“I will miss the challenges and the laughter Justice Scalia provoked., his pungent, eminently quotable opinions, so clearly stated that his words never slipped from the reader’s grasp, the roses be brought me on my birthday, the chance to appear with him once more as supernumeraries at the opera.”

Her book can be a challenging read at times but it is incredibly generous, with constant references to others that have paved the way for women in the legal profession.

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Eavan Boland

Eavan Boland

Born in Dublin in 1944, Boland published her first volume of poetry New Territory in 1967 when she was 22.

That early realisation about the complex relationship between power, politics and poetry came to Boland when as a young mother living in Dublin in the early seventies she came to see that her life experience was not included in the male and bardic traditions of Irish poetry that she had grown up reading.

How then to write, if what you wrote was based on someone else’s history?

Eavan Boland said in an interview in 1989:

 “As an Irish woman poet I have very little precedent.  There were none in the nineteenth century or early part of the twentieth.  You didn’t have thriving sense of the witness of the lived life of women poets and what you did have was a very compelling and at times oppressive relationship between Irish poetry and the national tradition.”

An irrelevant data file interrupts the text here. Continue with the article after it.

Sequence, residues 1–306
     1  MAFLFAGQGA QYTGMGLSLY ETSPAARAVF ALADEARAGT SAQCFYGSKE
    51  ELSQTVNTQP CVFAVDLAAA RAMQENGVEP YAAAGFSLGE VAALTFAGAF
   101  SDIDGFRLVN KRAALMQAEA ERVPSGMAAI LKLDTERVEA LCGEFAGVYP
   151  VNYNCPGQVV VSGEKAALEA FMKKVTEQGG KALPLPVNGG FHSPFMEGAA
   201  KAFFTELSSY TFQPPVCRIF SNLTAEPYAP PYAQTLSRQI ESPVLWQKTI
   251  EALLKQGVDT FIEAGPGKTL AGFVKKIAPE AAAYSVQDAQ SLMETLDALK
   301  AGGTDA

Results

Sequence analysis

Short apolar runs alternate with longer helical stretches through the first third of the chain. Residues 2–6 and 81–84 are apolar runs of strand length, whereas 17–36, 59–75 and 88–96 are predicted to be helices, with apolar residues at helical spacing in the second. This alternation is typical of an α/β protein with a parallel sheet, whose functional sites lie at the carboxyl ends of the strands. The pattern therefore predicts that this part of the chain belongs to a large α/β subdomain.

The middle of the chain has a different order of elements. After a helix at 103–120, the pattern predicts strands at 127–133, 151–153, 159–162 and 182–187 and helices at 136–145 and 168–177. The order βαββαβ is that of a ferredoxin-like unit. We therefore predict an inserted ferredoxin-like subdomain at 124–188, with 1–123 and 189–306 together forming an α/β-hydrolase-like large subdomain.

Through ten books of poetry and numerous essays Boland wrote herself into numerous awards and Honorary Doctorates but more importantly, she wrote herself and all women into being in a new lyrical and feminist writing,  and in so doing altered the course of Irish poetry as well as opening up its history to include untold stories.

The late Irish poet Seán Dunne wrote:  “She has widened the landscape to include things that were always a part of it, but were ignored.”

 

“You can see nothing of her but her head

Bent over the page, her hand moving

Moving again, and her hair.

I wrote like that once.

But this is different.

This time, when she looks up, I will be there.

 

From:  Is it Still the Same?

(References and poem in Eavan Boland : A Sourcebook (Carcanet) 2007

 

 

 

 

 

 

 

 

 

5 Books of Solitude and Isolation